Your shoulders include some of the most frequently used joints in your body, so when there is an injury or damage to this area, the problem can be debilitating. Sometimes physical therapy and medication are all it takes to return your shoulder joints back to their normal function. However, for situations where these conservative treatments have not produced results and you are experiencing significant immobility or pain, surgery is often necessary.
Typical Shoulder Injuries
At the Okanagan Health Surgical Centre, we are able to repair serious damage to the shoulder joints and surrounding tissues caused. Shoulder injuries of this nature include:
- An injury to the rotator cuff
- Bursitis, or inflammation, in the shoulder
- Adhesive capsulitis or frozen shoulder
- Tendinitis, or inflammation in the shoulder tendons
What are the typical procedures for shoulder surgery?
There are two main types of shoulder surgery:
- Shoulder Arthroscopic Surgery - in this procedure the surgeon makes a small incision and inserts a tiny camera called an arthroscope to examine and repair the damaged shoulder tissues. The procedure is quick and requires minimal downtime.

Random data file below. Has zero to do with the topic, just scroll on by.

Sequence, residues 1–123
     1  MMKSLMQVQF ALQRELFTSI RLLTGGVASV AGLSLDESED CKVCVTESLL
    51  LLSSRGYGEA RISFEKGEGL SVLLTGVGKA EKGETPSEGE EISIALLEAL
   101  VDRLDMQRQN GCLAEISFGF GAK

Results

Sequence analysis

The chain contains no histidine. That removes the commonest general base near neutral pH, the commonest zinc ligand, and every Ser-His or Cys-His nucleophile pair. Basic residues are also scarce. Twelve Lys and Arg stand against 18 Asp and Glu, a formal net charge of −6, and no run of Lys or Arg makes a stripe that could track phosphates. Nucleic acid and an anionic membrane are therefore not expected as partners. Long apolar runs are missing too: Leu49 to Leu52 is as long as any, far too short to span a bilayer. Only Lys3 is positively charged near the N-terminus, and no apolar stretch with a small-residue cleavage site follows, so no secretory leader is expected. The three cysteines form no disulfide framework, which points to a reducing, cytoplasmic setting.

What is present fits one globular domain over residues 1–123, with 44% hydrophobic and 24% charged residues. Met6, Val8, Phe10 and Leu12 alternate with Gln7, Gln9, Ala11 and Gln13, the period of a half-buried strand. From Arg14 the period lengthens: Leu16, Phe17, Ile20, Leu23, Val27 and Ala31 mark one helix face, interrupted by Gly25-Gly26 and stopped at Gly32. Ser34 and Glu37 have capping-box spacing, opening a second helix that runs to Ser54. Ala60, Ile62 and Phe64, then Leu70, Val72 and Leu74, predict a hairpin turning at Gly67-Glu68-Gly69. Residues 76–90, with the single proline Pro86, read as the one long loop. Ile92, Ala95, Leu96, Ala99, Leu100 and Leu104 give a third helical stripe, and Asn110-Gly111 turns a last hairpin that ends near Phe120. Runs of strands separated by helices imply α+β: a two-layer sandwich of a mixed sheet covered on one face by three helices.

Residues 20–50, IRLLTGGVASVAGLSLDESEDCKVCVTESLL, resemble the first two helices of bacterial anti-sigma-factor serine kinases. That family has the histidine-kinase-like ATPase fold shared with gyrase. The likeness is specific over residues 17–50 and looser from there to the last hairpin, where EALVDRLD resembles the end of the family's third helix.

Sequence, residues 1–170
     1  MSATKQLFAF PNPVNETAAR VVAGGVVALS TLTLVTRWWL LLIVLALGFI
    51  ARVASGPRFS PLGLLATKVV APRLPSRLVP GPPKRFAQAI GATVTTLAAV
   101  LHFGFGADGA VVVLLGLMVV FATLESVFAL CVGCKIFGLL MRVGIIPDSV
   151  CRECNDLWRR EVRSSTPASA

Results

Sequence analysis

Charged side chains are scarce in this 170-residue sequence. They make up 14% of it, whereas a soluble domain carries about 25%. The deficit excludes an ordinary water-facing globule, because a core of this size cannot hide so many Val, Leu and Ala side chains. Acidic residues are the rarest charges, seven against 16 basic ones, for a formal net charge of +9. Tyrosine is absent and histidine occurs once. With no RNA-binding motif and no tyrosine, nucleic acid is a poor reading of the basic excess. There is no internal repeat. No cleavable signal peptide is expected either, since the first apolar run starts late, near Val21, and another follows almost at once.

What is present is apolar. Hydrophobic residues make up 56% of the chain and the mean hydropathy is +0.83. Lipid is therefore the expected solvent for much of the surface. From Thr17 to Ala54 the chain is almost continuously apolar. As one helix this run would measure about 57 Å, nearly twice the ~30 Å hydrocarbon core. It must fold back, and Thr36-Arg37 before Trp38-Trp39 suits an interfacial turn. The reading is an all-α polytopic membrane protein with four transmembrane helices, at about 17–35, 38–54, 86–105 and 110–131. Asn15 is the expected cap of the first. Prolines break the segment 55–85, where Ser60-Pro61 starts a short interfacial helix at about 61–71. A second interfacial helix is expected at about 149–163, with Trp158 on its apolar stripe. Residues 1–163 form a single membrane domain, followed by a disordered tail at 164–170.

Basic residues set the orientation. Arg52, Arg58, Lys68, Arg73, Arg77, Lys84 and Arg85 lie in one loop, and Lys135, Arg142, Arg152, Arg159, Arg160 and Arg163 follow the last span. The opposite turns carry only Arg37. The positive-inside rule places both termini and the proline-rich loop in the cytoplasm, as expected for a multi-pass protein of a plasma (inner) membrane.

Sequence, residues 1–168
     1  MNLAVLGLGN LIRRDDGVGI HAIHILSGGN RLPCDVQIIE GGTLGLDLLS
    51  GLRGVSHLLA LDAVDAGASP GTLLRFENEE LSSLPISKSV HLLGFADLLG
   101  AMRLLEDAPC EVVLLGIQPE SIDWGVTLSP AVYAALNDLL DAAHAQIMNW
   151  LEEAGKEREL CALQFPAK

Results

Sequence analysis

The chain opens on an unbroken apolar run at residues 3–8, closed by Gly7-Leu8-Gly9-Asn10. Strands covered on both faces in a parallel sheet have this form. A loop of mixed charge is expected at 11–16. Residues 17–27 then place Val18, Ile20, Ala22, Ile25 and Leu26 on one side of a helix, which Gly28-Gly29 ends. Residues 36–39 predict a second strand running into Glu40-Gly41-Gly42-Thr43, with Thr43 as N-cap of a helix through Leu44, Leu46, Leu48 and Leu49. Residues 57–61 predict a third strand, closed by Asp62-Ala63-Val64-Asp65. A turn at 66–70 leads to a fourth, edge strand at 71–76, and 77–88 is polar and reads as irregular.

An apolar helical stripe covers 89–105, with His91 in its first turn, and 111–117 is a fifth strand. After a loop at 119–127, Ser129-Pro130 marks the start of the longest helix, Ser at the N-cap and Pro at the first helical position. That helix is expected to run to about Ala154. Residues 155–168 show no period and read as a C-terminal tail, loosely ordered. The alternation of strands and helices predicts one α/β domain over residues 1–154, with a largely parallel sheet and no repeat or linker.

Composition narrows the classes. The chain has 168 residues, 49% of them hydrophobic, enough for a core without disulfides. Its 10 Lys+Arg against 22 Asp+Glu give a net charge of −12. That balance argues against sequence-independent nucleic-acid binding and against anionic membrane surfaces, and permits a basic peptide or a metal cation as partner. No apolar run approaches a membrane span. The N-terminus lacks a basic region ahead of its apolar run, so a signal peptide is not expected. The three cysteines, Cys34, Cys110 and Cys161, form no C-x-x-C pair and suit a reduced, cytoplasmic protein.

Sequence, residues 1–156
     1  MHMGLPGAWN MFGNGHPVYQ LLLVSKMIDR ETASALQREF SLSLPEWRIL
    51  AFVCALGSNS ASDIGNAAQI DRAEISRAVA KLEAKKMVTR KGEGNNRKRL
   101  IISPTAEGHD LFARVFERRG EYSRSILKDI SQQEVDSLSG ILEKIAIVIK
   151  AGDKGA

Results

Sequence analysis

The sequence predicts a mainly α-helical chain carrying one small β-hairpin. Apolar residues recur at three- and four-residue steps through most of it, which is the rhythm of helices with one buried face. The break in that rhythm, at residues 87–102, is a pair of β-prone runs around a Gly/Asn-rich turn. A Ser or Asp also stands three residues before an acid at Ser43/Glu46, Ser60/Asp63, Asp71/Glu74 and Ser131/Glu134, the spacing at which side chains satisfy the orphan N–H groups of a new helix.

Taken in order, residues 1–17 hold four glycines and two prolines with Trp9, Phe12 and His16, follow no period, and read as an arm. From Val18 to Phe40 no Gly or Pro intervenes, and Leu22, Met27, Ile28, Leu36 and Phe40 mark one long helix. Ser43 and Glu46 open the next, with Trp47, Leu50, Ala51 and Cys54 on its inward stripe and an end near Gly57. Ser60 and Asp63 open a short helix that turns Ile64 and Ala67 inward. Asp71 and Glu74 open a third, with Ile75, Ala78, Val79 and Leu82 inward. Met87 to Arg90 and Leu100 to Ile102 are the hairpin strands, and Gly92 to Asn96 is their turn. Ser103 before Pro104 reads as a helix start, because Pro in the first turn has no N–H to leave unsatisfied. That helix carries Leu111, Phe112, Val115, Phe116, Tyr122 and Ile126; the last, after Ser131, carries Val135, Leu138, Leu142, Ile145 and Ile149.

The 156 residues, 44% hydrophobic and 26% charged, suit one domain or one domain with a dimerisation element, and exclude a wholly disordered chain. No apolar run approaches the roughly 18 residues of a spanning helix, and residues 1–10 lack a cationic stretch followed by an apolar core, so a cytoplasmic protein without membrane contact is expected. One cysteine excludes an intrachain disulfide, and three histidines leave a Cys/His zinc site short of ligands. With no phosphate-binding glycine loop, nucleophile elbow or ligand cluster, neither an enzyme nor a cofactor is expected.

- Open Shoulder Surgery - this procedure is often the recommended for situations involving extensive shoulder damage. During this procedure, the surgeon makes a larger incision and carefully removes all damaged tissues to allow the shoulder joint to move normally again.
How should you prepare before surgery?
Before your surgery, your surgery clinic will go through a comprehensive list of instructions to make sure that you are informed and prepared. Your surgeon will advise you to:
- Plan time off from work and any other obligations
- Confirm you have a trusted caregiver to transport you to the clinic and take care of you at home following your procedure
- Abstain from alcohol, smoking, and any medications or supplements that can impede blood clotting, such as aspirin
- Fast at the designated time before your scheduled surgery
How long does it take to recover after shoulder surgery?
For the minimally-invasive Shoulder Arthroscopic Surgery, most patients can begin active movement of the shoulder after 4 to 6 weeks, with a full recovery within 3 to 4 months.
Open Shoulder Surgery is a more complex procedure with a larger incision, so the recovery time may take longer. In most cases, patients make a full recovery in 6 months following the procedure.
Recovery times and recommended activities will vary for different patients, so it is important to follow your surgeon’s specific instructions following your particular procedure.
If you’re dealing with shoulder pain and therapeutic treatments haven’t helped, shoulder surgery could be a solution for you.
To find out whether you’re a good candidate for this procedure, contact the Okanagan Surgical Health Centre today at: 250-868-9799.